— and to “evaluate a variety of fossil types, proposed transitional fossils, fossil lineages, and significant fossil deposits and assess the arguments for and against universal common descent in light of this fossil evidence.”

Michael Keas, professor of the history and philosophy of science at the College at Southwestern, the undergraduate school at Southwestern Baptist Theological Seminary in Fort Worth, was among those who testified at committee hearings in Austin.

In a written testimony to the board Jan. 21, Keas said even Darwin wrote in his “Origin of Species” that “a fair result can be obtained only by fully stating and balancing the facts and arguments on both sides of each question.”

Keas referred to the Tennessee law restricting the teaching of evolution that prompted the 1925 Scopes trial and urged the board to pursue a policy that enables students to learn more about evolution, not less, noting that students would benefit from access to the range of criticisms of the various evolutionary theories as they are currently being debated in scientific journals.

“What should science teachers do when experts disagree about whether evidence supports a theory, as they do in the case of evolution? As a science educator and historian of science my answer is: teach the arguments on both sides, as Darwin himself challenged us to do,” Keas wrote.

Others who encouraged the board to retain the strength and weaknesses clause were Stephen Meyer, a Cambridge-trained philosopher of science who directs the Discovery Institute’s Center for Science and Culture; Baylor University chemistry professor Charles Garner and University of Wisconsin-Superior biology professor Ralph Seelke.

Board member Bob Craig, who voted to omit the strengths and weaknesses language, said the board shouldn’t backtrack over the new wording because it was submitted by teachers who are in classrooms and know more about teaching than board members. Craig and fellow board member Mavis Knight said the phrase “strengths and weaknesses” has taken on a new connotation in recent years. Board member Patricia Hardy concurred and added that the confusion of the current standards extends beyond just the strengths and weaknesses phrase.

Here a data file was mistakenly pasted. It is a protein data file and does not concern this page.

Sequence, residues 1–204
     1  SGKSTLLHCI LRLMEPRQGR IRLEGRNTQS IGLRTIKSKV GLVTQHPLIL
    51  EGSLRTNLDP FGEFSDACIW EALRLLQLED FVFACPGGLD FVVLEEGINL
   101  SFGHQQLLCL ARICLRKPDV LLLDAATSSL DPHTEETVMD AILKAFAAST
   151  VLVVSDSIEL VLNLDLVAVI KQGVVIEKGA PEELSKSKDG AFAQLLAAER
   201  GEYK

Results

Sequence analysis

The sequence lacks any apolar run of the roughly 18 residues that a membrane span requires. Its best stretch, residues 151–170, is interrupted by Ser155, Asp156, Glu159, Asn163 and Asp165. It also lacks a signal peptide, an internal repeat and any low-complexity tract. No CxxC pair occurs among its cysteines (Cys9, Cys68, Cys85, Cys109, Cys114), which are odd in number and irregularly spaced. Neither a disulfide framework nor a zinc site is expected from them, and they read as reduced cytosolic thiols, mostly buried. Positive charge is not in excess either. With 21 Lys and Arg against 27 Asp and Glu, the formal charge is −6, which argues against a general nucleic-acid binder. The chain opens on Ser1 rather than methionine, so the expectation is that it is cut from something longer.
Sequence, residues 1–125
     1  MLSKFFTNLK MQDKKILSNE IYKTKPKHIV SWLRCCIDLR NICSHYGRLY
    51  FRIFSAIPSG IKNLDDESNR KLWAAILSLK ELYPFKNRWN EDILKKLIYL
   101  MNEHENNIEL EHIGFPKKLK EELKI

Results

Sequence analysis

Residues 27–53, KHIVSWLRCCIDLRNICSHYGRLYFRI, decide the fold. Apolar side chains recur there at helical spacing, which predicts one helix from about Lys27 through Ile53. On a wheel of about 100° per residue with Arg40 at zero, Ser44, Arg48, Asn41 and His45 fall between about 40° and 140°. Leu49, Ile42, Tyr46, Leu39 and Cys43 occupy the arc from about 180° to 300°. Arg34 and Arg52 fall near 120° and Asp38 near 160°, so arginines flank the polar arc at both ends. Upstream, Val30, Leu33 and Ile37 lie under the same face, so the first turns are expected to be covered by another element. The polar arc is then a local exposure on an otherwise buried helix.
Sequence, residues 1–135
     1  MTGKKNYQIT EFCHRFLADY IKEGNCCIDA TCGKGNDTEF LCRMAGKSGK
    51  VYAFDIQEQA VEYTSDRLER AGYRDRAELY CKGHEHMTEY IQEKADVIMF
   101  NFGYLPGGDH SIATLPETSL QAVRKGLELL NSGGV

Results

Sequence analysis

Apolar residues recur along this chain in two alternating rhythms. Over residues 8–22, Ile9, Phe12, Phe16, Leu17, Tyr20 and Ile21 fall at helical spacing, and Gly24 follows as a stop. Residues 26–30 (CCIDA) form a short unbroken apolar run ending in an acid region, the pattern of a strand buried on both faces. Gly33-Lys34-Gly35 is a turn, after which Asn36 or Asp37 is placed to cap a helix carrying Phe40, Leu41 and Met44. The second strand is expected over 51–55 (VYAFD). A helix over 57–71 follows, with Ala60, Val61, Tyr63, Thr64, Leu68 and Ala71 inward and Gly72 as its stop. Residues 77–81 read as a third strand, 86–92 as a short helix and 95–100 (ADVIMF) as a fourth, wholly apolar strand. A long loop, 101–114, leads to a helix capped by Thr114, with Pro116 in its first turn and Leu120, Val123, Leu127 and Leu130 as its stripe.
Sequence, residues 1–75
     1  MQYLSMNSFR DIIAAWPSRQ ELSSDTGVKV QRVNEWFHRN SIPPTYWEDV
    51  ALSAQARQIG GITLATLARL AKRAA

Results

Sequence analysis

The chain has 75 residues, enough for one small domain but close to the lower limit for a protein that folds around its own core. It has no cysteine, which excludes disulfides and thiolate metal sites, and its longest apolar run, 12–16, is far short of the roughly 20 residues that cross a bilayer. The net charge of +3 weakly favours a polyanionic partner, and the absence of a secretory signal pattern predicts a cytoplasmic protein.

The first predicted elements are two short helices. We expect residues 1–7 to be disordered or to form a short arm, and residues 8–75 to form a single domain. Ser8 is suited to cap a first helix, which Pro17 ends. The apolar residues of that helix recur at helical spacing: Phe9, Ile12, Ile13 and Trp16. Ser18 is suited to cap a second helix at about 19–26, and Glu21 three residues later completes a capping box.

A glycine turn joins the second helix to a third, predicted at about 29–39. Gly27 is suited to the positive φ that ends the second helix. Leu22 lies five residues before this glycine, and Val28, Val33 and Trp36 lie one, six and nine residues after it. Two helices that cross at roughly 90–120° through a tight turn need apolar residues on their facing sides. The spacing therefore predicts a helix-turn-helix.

“It never really says what theories you are supposed to be referencing …,” Hardy said. “There’s no way any textbook can reflect the strengths and weaknesses of ‘the theories.’ What theories are you talking about?”

John West, associate director of the Center for Science and Culture, said the Texas Board of Education “took one step back and two steps forward” in its most recent deliberations.

“While we wish they would have retained the strengths and weaknesses language in the overall standards, they did something truly remarkable today,” West said in a news release Jan. 22. “They voted to require students to analyze and evaluate some of the most important and controversial aspects of modern evolutionary theory such as the fossil record, universal common descent and even natural selection…. Analyzing, evaluating, any additional scrutiny of evolution can only help students to learn more about the theory.”

The struggle between advocates and critics of evolutionary theory has been waged in multiple states, including Kansas, Pennsylvania and Alabama, with evolution-only advocates winning most of the battles. Last July, though, Louisiana Gov. Bobby Jindal signed the Louisiana Science Education Act, which protects teachers who wish to encourage critical thinking on issues such as global warming, human cloning and Darwinian evolution.
Tim McKeown is a correspondent for the Southern Baptist TEXAN, newsjournal of the Southern Baptists of Texas Convention.